TL;DR; This can be easily fixed by saying Hi user1 and user2! Proper usage of the To:, CC:, and BCC:, can also help signal whose attention you are trying to get. Whether you say good morning user1 and user2 or hi is up to you but there is nothing wrong in putting both their names there.
That is a bit of a hard one to answer without understanding the relationship of the group. Is this school or work? I assume a workplace but if that is the case, are they co-workers? Management? Subordinates? I always try to choose wordings that best target my audience. To whom it may concern is a popular choice but comes off as a bit distant. To me, that is typically used when sending a letter to a business and not sure who would be the one receiving it. Good morning, and so on as Thomo said in his comment is usually one of the best ways to be polite and professional and one of my favorites to use.
I am slightly thrown off though because you are looking for feedback from 2 specific people in hopes 1 would reply. Not sure how a change of greeting would signal someone you want them to reply. The best most direct way for this usually found in e-mails is directly asking for it in the body. Or you can simply say Hi bob and jenny!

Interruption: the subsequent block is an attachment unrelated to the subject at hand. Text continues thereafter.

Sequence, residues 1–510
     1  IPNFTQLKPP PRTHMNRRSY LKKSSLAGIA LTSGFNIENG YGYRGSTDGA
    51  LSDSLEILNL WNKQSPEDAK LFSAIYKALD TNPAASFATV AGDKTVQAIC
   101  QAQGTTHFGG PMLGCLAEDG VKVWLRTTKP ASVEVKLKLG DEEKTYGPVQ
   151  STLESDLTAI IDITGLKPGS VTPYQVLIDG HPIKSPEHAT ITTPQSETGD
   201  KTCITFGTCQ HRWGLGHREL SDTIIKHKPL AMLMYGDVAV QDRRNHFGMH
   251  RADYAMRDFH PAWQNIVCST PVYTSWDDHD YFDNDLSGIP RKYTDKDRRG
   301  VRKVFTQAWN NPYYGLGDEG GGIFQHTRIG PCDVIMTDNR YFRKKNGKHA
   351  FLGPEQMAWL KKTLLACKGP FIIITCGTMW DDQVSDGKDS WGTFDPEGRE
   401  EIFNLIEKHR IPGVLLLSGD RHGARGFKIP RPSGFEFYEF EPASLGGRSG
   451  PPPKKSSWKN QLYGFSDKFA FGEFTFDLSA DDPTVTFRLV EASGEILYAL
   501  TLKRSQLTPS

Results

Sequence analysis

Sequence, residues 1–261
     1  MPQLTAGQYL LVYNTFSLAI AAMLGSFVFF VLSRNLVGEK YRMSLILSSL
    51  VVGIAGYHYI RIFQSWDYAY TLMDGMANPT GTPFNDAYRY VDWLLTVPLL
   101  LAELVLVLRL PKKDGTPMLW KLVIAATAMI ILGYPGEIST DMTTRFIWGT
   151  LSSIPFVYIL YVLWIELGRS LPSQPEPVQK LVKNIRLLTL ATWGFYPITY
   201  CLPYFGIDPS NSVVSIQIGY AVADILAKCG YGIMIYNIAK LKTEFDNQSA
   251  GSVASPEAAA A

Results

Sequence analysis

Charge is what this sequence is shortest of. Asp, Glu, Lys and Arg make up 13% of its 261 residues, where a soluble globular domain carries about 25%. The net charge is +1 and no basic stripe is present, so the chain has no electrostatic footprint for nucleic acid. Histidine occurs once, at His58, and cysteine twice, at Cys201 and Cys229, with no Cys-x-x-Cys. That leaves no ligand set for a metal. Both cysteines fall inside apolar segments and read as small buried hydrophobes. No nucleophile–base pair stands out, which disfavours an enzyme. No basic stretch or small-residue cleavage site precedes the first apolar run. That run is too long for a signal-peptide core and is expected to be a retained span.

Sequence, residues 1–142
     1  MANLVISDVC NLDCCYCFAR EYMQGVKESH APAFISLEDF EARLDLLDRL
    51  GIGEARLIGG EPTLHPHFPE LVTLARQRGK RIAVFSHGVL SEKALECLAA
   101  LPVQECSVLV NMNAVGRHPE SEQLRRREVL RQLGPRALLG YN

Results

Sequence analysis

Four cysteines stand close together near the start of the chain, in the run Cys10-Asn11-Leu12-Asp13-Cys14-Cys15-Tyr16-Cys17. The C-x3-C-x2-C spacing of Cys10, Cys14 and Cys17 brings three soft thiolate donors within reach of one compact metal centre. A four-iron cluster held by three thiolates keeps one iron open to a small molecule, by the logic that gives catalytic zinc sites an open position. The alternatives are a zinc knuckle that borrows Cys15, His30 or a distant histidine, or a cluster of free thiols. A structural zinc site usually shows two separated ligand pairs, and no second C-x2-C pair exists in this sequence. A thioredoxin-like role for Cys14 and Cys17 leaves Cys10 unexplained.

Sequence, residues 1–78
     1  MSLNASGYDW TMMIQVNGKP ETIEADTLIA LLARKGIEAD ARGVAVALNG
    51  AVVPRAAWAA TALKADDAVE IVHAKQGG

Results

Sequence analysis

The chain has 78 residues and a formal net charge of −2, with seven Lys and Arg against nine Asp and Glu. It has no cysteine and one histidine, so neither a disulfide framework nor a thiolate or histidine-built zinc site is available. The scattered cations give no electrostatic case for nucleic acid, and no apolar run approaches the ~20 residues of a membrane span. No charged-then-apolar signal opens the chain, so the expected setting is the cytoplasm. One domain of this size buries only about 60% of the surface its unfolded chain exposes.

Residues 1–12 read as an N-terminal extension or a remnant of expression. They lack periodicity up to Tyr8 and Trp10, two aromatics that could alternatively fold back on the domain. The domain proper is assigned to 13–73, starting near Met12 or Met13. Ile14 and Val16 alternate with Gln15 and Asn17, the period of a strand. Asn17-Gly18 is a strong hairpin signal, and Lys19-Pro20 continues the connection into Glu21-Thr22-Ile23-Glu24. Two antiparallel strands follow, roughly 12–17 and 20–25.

Also, how you provide the grouping of recipients helps out a lot too in determining feedback. Are the 2 users you want feedback from both in the To: section? Users in this section know that this email is directed TO them and not simply added for FYI. in the CC: section people here usually know they are added in for the FYI with the ability to chip in should they feel the need to. the BCC: is where you add people like management or uppers who you want to see the email and everyone who was attached so that they can stay informed without possibly freaking out the main audience that management is also in on the email and they can respond with honesty instead of what they think management wants them to say.